Writing Your Book: Remove Excess Baggage – Earl Nightingale
One of the principals of a large and successful advertising agency has a hard and fast rule against clichés. A cliché, as you know, is a trite phrase which may have lost its meaning through constant misuse, but which often becomes such a habit that we use it automatically, without thinking about it. I used a cliché in my opening sentence. Did you notice it? I said “. . . . a hard and fast rule.” A rule is a rule; the adjectives “hard” and “fast” are probably unnecessary. They take up valuable time without adding to the message.
The other day I rewrote a two-page letter. By cutting out only the superﬂuous words, I reduced it to one page consisting of just three paragraphs. Not only was about seventy per cent of the letter unnecessary, but the new version was better. The original letter was fat, unwieldy, and full of clichés—phrases one puts into a letter without even realizing he’s doing it.
We have a tendency to speak the same way. Have you ever noticed how often people say, “I mean…”? If you simply say what you mean ’ you do not have to tell anyone. you’re doing it. Another phrase is, “stuff like that,” or “in other words,” or “like I said.” I remember a cabdriver in Philadelphia who would look around after every sentence and ask, “Am I right or wrong?” There is nothing particularly evil about this sort of thing, but it does add a lot of excess baggage to our conversation.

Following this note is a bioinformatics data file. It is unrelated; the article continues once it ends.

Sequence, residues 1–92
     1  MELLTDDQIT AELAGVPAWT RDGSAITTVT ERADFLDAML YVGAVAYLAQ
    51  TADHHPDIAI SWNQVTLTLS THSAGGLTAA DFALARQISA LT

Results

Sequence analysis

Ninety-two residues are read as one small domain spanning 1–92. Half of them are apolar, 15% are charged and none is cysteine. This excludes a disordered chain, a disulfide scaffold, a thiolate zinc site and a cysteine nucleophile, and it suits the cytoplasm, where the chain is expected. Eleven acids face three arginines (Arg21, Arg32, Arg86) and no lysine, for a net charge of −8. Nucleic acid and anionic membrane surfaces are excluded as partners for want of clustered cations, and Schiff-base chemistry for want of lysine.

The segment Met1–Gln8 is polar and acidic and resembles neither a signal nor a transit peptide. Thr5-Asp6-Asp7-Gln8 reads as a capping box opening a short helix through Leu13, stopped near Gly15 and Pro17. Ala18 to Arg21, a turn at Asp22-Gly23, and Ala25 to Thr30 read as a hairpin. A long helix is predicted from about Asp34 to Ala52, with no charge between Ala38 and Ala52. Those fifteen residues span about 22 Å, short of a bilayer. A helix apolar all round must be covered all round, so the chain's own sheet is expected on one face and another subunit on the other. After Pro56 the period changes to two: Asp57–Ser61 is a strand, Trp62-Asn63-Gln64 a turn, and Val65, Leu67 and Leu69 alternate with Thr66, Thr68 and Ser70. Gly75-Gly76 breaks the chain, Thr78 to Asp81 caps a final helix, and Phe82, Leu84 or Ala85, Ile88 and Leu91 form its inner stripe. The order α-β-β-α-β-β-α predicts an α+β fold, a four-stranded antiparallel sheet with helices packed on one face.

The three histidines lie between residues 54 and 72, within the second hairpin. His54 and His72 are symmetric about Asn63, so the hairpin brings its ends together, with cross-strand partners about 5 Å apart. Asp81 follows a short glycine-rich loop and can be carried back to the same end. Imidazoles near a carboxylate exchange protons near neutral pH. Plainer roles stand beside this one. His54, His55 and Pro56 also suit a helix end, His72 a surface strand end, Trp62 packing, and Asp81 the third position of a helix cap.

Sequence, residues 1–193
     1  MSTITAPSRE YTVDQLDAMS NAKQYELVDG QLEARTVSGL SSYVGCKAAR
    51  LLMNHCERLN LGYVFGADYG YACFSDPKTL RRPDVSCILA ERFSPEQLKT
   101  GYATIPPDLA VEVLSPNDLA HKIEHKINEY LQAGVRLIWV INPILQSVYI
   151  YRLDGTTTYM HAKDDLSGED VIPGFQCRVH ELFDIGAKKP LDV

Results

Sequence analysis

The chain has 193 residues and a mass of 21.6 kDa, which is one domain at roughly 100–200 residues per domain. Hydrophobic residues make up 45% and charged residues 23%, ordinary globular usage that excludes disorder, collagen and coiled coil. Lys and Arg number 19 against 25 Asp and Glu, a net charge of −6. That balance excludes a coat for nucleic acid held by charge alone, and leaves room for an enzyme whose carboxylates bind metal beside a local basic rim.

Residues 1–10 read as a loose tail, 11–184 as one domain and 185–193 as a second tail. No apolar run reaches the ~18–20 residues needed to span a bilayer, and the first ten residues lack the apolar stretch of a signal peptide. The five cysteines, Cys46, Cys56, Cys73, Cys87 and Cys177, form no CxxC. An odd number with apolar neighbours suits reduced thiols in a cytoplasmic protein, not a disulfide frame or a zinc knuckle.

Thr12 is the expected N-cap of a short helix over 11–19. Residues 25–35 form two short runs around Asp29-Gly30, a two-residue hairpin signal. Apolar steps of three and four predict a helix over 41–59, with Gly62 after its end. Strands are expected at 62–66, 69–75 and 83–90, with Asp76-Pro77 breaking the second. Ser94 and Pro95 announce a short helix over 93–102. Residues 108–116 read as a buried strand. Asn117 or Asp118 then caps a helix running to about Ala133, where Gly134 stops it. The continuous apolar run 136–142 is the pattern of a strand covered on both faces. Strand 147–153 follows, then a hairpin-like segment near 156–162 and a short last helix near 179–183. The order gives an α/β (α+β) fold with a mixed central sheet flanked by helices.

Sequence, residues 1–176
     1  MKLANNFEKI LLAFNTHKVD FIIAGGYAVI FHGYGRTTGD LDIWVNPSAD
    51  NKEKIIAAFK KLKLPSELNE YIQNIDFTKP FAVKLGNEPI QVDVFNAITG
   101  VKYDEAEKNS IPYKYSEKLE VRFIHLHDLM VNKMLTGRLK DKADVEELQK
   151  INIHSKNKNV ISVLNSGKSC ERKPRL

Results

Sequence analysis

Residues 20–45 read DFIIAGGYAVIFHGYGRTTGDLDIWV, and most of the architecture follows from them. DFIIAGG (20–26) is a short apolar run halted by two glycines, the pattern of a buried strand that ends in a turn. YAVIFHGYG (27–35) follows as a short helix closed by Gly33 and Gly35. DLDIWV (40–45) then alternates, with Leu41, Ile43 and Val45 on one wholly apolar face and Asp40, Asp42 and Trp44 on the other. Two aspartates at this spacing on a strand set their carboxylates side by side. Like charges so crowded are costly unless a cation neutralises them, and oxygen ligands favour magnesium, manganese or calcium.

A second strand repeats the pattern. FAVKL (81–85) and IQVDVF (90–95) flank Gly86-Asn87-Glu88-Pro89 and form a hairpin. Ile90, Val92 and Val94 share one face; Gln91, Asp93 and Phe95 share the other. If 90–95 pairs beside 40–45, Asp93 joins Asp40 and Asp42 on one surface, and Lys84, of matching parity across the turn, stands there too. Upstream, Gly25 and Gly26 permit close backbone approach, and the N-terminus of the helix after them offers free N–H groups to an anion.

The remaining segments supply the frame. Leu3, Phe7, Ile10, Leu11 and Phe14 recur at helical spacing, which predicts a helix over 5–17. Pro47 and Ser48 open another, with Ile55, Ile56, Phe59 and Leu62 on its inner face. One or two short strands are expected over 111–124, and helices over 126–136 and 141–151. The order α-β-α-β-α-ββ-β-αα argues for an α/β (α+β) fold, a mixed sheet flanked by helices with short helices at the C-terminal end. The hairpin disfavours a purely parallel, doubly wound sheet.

It has been said that the late Ernest Hemingway sometimes spent most of a morning writing a single paragraph. If you read Hemingway, you will notice the effectiveness of a maximum of thought and a minimum of words. At the site of the battle of Gettysburg in 1863, two men addressed the multitude. One was a celebrated speaker, and he proved it by speaking for two hours. Yet, not a man in twenty thousand can tell you his name—Senator Edward Everett. The second speaker stood before the crowd less than ﬁve minutes, but we all know the Gettysburg Address, and that Abraham Lincoln delivered it. The Gettysburg Address is a simple, powerful message with all the fat trimmed off seventy-two per cent of this address consists of one syllable words.
The next time you write a letter, particularly a business letter, see if you can do a better job by using simple, strong, hard-working words. Cut out all clichés, such as “with reference to your letter,” and perhaps those empty windups. And whenever you write a letter, read it over and ask yourself if you talk like that. If not, don’t write like that. And join the crusade against clichés that have lost their meaning or value. The most powerful words are the simplest one-syllable words. Words such as love …joy…hope…faith…home…child…life …death…fear…kill…hate.
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Also published on Medium.